The two-dimensional pattern of charged particle blocking structures 610 a, 610 b is further shaped in such a way that it can be used as a chuck position mark. This may for example be established by making sure that the two-dimensional pattern 610 of charged particle blocking structure results in areas with different height levels or different reflectivity, or with another suitable property that makes them distinguishable by the alignment sensor(s) (note, two-dimensional in this context does not signify that the structures cannot also have different heights).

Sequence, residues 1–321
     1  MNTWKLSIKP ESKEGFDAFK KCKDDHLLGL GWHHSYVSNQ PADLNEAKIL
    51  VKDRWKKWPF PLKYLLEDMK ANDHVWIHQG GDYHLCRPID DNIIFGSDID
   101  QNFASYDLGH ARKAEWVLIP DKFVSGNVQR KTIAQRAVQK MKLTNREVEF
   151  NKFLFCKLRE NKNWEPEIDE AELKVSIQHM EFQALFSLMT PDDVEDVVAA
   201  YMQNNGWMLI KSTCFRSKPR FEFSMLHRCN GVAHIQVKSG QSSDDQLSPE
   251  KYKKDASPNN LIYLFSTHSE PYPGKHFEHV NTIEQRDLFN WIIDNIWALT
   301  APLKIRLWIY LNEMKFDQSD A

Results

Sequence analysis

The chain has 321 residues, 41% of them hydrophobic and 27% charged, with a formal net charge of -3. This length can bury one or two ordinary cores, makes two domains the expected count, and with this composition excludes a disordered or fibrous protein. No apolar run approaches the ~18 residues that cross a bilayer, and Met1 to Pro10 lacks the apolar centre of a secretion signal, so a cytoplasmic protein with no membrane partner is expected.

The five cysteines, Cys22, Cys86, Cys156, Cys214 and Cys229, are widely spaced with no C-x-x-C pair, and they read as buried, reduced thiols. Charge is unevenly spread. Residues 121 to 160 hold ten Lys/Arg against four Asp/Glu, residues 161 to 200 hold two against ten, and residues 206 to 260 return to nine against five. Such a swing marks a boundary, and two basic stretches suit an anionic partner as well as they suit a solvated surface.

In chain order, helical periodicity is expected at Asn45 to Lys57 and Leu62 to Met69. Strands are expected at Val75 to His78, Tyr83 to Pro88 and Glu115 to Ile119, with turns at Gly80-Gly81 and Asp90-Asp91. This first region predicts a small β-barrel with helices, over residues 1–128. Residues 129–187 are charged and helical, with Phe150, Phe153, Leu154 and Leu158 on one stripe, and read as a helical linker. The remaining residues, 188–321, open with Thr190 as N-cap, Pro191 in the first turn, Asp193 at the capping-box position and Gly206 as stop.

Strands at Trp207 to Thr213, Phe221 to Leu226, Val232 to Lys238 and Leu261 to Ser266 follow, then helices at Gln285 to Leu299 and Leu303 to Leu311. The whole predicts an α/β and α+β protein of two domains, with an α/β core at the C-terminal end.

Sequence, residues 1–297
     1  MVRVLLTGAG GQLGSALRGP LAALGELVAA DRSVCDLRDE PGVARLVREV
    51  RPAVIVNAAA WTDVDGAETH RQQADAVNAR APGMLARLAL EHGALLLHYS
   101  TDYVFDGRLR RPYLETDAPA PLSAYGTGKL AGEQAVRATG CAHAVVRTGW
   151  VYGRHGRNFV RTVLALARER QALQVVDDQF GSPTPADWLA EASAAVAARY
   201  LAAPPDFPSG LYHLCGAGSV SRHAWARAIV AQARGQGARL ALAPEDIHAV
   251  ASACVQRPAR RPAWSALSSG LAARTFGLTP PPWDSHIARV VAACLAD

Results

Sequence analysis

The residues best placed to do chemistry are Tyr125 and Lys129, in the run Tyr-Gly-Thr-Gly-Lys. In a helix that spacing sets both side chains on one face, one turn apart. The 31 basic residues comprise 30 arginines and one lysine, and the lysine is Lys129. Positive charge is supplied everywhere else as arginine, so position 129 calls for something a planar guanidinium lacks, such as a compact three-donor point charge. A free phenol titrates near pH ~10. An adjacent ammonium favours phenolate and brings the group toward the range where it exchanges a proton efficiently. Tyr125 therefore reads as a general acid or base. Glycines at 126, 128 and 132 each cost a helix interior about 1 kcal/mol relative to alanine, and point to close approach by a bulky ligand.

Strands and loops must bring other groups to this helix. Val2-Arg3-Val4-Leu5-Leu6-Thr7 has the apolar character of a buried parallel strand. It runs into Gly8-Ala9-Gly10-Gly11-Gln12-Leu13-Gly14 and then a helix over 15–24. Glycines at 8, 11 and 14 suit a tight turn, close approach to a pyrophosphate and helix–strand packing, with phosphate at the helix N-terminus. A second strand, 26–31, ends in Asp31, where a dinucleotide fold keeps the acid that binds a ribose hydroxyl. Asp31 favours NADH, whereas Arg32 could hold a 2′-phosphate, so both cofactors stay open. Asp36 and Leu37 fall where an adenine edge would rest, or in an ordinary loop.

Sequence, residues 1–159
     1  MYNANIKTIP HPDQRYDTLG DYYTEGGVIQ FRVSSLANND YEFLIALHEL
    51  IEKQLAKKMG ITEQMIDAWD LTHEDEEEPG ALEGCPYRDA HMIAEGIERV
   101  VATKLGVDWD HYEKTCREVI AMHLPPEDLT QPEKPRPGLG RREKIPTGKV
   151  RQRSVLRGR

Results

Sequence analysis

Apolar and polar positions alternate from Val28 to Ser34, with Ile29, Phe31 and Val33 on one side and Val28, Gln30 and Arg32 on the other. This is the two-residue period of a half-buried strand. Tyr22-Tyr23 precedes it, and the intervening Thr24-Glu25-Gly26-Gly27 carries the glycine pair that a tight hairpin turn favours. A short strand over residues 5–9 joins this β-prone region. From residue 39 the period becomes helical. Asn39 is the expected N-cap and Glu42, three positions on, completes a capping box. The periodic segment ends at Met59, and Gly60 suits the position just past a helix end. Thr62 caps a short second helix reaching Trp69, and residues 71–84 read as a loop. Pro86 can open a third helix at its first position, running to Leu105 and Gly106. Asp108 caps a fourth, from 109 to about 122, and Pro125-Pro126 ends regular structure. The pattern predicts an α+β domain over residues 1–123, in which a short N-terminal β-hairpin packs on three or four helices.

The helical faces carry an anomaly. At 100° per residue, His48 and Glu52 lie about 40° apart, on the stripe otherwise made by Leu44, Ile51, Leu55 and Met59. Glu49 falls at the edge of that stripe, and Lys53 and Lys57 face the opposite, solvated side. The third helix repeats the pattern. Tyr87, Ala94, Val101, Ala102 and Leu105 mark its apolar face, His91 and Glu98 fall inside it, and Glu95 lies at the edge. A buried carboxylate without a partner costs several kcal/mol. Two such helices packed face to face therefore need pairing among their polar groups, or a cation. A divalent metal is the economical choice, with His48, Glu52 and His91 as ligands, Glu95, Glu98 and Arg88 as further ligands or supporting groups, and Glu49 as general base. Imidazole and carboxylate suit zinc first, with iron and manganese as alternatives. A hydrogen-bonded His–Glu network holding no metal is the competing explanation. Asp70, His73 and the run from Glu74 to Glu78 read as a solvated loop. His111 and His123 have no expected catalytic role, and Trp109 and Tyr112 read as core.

For example, the charged particle blocking structures 610 a, 610 b may provide one or more additional layers on top of the converter element surface 501, resulting in a height difference between the top surface of the blocking structures 610 a, 610 b and the surface 501 of the converter element not covered by the blocking structures. Consequently, light originating from an alignment sensor such as alignment sensor 361 or alignment sensor 362 that impinges on the charged particle blocking structures travels along a smaller trajectory, and thus reflects earlier, than light that impinges on the areas not covered by the charged particle blocking structures. If the two-dimensional pattern 610 takes the form of a periodic structure a phase grating may be created. In another example, the top surface of the charged particle blocking structures 610 a, 610 b has a different reflectivity coefficient for the wavelength used by the alignment sensor than the surface 501 of the converter element not covered by the charged particle blocking structures. Consequently, light originating from an alignment sensor such as alignment sensor 361 or alignment sensor 362 that impinges on the charged particle blocking structures 610 a, 610 b reflects in a different fashion, than light that impinges on the areas not covered by the charged particle blocking structures. If the pattern takes the form of a periodic structure a reflection amplitude grating may be created.